The Life

Commitment doesn’t go unnoticed

On paper it’s 24 days of service, but in reality, it’s much more than that. It’s driving ships. It’s staying calm when things get tough. It’s holding your own with military professionals. It’s discovering you can do things you never imagined doing as a full time civilian.


Seaman specialist and School Travel Plan Adviser for Hampshire County Council

Being a Reservist has really pushed me. It’s fantastic when you realise that you can actually do some incredible things.

How do you balance your civilian life with your commitments as a reservist?

I think it all comes down to discipline, creating a schedule and a plan and then sticking to it. You’d be surprised at what you can achieve when you’re organised!


Which one is the Reservist?

You step into the shoes. You put on the uniform. You walk into a room of military professionals. You shift out of civilian mode, put aside your everyday life and you hit the ground running. You’ve worked hard to be here. No one can tell who is the Reservist and who isn’t.

What did you enjoy the most about your training?

Being with all the people. Everyone was a different age and from different backgrounds but we all had the same aim. The passing out parade was fantastic as well.


Round the world in 24 days

You’ll give things up when you become a Royal Naval Reservist. Things like boredom. Routine. Insignificance. Then over a few evenings and a couple weeks a year you will gain the right to embark on the adventure of a lifetime and see the world while you’re at it.

This sounds great but do you really get to go places as a Royal Naval Reservist?

Absolutely. You won’t be sat on a beach reading! You get to go to lots of interesting places and do some incredible things while you’re there too – whether on military exercise or on deployment.

Skills & qualifications

Something to smile about

This isn’t just a fun way to spend your evenings and weekends. You also shouldn’t underestimate the importance of wearing the same uniform as the full time Regulars. You’ll learn skills that enhance your life and career. When you take your seat among the Royal Navy professionals, it’s an enormous vote of confidence in what you can do and what you can bring to the table. Remember that, because it will boost your confidence no end.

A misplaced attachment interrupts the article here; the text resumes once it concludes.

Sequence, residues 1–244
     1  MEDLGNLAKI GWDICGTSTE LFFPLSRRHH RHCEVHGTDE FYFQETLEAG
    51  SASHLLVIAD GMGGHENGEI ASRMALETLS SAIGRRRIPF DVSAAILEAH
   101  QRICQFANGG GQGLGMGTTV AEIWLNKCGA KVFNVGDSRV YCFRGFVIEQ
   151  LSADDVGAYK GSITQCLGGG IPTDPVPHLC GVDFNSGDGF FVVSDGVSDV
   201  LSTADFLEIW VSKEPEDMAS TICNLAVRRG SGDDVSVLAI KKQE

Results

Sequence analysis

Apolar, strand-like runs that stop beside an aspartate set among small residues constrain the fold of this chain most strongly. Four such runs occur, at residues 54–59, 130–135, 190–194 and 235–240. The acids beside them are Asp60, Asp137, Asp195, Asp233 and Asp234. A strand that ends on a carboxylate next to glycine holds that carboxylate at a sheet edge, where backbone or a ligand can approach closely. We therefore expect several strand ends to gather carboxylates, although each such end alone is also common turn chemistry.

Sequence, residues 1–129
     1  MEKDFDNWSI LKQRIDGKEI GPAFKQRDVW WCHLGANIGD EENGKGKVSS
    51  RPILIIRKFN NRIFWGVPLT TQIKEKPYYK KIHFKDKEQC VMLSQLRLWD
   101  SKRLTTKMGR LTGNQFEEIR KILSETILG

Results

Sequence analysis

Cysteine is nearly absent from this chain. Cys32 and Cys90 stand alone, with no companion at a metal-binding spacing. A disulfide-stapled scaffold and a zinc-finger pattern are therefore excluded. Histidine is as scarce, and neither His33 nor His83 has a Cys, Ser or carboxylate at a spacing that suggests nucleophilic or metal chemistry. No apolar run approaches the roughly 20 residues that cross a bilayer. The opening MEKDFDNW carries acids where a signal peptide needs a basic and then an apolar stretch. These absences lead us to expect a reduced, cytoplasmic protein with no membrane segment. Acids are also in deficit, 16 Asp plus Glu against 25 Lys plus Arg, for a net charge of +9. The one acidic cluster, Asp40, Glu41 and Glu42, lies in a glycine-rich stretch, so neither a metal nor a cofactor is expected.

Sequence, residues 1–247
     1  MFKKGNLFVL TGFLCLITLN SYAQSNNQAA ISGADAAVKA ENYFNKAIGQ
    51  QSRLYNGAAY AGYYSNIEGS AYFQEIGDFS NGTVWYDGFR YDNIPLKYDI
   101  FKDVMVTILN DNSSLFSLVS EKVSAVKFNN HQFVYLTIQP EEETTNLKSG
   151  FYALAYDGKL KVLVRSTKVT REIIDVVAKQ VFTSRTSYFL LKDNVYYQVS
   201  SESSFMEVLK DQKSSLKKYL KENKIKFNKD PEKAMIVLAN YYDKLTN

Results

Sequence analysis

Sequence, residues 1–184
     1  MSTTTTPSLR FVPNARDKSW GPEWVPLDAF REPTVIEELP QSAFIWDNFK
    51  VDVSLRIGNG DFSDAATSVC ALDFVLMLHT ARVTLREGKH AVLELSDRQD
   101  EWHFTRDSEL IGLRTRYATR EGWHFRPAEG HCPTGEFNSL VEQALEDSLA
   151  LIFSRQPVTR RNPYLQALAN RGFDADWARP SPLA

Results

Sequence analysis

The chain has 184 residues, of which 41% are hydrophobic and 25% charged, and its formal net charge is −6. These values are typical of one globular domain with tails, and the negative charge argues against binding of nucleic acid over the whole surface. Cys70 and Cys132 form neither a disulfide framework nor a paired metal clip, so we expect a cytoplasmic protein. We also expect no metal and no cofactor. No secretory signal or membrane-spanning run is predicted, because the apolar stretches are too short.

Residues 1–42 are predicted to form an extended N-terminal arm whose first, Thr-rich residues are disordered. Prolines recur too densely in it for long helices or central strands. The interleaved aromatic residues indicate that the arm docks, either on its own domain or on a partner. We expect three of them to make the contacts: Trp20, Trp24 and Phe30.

Amphibious Warfare specialist and Project Manager for a manufacturing company

I have the chance to better myself. What more can I ask for? It’s extremely rewarding.

Do you learn any skills that are useful in your day job?

Absolutely. The leadership skills and self-confidence alone were invaluable. My employer really appreciated all the practical knowledge and organisational skills I learned while on operations as well.

Sports & recreation

Counting on you

In this team, there’s no difference between club and team. You have a part to play. You have to turn up. Be dependable. Follow the plan. Deliver what everyone expects of you.

Sports you could play include:

  • Climbing
  • Extreme speed boat racing
  • Martial arts
  • Motor sports
  • Rugby league
  • Triathlon


Seaman specialist and School Travel Plan Adviser for Hampshire County Council

I considered a full-time Royal Navy career, so joined the RNR with the aim of getting some experience. I’ve always been interested in fitness and the RNR has given me opportunities for adventurous training.

What exactly is adventurous training?

Every year, just like the full time Royal Navy, we can choose to go on a week away to develop individual and leadership skills on activities like offshore sailing, sub-aqua diving, canoeing/kayaking, caving, mountaineering, ski touring, paragliding/parachuting, gliding and mountain biking. It’s brilliant!

Equal opportunities

Standing out for the right reasons

On operations with the full time Royal Navy professionals. On exercise with the RNLI. You blend in because you wear the same uniform, but you also blend in because of your ability to do your job well, in all conditions. That’s all that matters to those around you.


Amphibious Warfare specialist and Project Manager for a manufacturing company

I spent some time in the RAF as a pilot so I thought I’d give another part of the armed forces a go. It’s great to stay in touch with that world after I’ve retired as a full time Regular.

You work with the RNLI? How come?

We regularly work with the Coastguard and help emergency services during search and rescue incidents.


The best things in life

It’s no secret. You’ll need to balance your day job, the school run, paying the bills, visits to the pub, watching films, and cooking the dinner – with being a reservist. You’ll sacrifice some time. What you give doesn’t even compare to what you get in return. New skills. New friends. And a whole new perspective on what you’re actually capable of.


Maritime Trade Operations specialist and residential home manager

It’s terrific, being paid for something so enjoyable. I joined as a rating – now I’m proud to command an RNR unit in Liverpool as a Royal Naval Reserve officer.

If you’re struggling to balance commitments, can I speak to someone about it?

Definitely. The Royal Naval Reserve are great about supporting us in our roles.